So Daymaker sent me some adapters about a year and a half ago, and I have been majorly slack with getting a review up. That's partly because I still don't tour that often, so it's taken me this long to get much use out of them. I have used a Salomon Guardian (and a Duke once) as my main reference point for frames (also, tried pins once but it doesn't sound like you'll be using those, at least at first). I would love to test the SHIFT but like you, do not generally use boots with pins (that's something I'm hoping to figure out this winter).
All that said, there are definitely positives and negatives to both Daymakers and frame bindings.
On the downhill there is a clear winner for me, the Daymaker. You get to ride your regular binding and to me that is most comfortable. The Guardian and Duke both ski fine on the downhill, but I don't love the higher stack height, and they don't feel quite as secure/predictable to me (that could well be mostly in my head, but I've had the odd weird release, especially jibbing).
On the uphill leg both have positives and negatives. I'm far from a touring expert but my impression is that the walking motion of the Daymaker is more comfortable. On frame bindings I've tended to get sore hips from the slightly uncomfortable hinge point, and I didn't get that with the Daymaker. However the stack height on the Daymaker is really high, and I felt less secure on steeper terrain, as my connection to the ski felt less direct/close. Flipping between the different riser modes on the Daymaker is also a pain, and much easier to do with a pole on the Guardian in my opinion. However, the Daymaker offers more different angle options so again, mixed comparison.
To me though the most major difference is the transition between modes. Daymakers are a bit of a pain in the ass to get on and off. You have to clip the binding on to your boot first, then click into the binding. It might not seem like much but they are kind of fiddly to get on the boot in the first place, especially at first, and if you're doing a tour that involves multiple mode changes, the fiddliness does get old pretty fast. It's also an added complication if you are trying to change mode in an exposed or awkward spot. By contrast, with the Guardian you can change mode without taking your ski off. And while, I haven't mastered taking off skins with my skis still on, that is still a useful option to have in sketchy terrain/when traversing etc. Frames are so much easier to just click into on the fly that on trips that involved a lot of switching or having to take skis off and go scramble over some rocks, I've found them preferable.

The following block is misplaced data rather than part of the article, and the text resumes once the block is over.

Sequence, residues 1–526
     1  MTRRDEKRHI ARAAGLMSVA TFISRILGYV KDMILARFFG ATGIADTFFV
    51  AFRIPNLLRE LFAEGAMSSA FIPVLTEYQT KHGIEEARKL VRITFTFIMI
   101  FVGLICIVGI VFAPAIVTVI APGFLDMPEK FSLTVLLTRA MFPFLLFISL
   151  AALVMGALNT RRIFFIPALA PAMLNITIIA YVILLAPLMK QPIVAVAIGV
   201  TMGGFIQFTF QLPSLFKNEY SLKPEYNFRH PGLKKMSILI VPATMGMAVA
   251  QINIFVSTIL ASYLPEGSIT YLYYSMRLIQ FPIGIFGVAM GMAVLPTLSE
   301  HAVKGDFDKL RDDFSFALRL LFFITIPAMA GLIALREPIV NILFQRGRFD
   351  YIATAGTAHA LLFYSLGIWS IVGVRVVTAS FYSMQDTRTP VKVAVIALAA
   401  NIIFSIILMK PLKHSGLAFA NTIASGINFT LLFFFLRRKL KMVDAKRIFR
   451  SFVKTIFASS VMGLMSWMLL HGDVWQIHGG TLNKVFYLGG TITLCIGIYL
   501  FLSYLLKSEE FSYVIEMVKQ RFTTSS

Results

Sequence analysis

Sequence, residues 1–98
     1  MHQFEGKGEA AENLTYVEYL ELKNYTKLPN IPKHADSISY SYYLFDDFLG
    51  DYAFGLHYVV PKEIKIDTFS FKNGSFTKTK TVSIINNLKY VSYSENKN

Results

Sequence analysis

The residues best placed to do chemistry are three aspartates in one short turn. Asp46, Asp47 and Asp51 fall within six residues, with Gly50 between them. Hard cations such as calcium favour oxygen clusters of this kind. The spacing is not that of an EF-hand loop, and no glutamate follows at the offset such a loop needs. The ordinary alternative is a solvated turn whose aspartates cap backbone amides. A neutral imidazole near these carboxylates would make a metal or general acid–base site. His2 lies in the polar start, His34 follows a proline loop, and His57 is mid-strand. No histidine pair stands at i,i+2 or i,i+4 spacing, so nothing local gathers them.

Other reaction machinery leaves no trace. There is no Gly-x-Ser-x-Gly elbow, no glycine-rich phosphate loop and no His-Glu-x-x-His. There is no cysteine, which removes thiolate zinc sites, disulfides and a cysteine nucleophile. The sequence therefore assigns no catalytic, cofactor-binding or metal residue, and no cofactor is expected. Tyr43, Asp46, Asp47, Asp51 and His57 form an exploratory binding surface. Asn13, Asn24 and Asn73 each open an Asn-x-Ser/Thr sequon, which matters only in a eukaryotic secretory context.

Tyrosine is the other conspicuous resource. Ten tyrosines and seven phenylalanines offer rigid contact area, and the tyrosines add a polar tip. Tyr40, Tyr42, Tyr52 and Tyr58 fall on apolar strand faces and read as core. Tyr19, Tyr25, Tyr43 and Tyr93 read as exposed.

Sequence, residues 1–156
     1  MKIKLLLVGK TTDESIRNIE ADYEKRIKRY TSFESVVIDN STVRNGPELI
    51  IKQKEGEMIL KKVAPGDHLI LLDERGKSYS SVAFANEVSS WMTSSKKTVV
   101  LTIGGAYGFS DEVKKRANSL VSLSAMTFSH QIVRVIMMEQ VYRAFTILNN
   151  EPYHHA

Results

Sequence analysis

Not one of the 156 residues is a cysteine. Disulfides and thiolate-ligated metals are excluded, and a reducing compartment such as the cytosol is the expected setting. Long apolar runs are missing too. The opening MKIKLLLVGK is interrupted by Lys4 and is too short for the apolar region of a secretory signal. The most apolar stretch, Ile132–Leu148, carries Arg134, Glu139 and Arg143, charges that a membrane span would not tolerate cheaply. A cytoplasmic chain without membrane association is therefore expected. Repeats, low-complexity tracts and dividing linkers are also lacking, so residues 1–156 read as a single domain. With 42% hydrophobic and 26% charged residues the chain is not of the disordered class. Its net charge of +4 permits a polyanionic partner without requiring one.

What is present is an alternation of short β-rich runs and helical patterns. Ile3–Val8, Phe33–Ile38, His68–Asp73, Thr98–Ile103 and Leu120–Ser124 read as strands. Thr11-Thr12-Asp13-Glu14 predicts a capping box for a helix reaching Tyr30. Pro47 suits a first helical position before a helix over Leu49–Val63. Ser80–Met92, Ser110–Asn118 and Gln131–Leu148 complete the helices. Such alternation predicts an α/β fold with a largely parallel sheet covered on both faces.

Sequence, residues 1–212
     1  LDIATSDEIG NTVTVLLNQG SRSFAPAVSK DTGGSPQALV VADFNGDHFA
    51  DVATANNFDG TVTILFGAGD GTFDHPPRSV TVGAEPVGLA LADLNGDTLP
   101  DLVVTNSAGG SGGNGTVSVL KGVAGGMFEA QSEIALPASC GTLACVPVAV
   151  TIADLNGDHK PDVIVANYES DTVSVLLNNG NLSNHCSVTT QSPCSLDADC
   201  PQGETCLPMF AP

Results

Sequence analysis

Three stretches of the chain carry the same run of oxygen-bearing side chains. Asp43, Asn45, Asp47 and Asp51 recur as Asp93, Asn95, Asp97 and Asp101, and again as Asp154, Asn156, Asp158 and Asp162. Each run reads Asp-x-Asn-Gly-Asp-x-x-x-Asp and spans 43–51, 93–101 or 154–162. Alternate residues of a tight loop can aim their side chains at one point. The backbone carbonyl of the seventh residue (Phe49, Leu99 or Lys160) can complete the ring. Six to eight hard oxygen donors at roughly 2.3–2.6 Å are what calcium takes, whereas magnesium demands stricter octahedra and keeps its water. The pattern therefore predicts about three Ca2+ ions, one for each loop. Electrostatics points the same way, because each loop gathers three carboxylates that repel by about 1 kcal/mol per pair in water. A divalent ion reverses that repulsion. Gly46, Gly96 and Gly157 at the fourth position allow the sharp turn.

I do prefer the Daymakers for both the comfort of touring mode itself, and on the downhill leg. I've also found them to hold up durability wise with no issue whatsoever. I'd definitely put up with the fiddly riser heights for that comfort, however I have been on trips where I really would have preferred the simplicity of a frame binding when it comes to changing mode. To me though it sounds like you'll mostly be doing some short backcountry tours that would likely only involve minimal mode changes. And that most of your ski days would be resort based without the need for touring bindings at all. And for that, I'd say the Daymaker with one of those bindings (Attack 13 is my personal preference of those) would be definitely the better option because most of the time, you're just skiing your regular binding.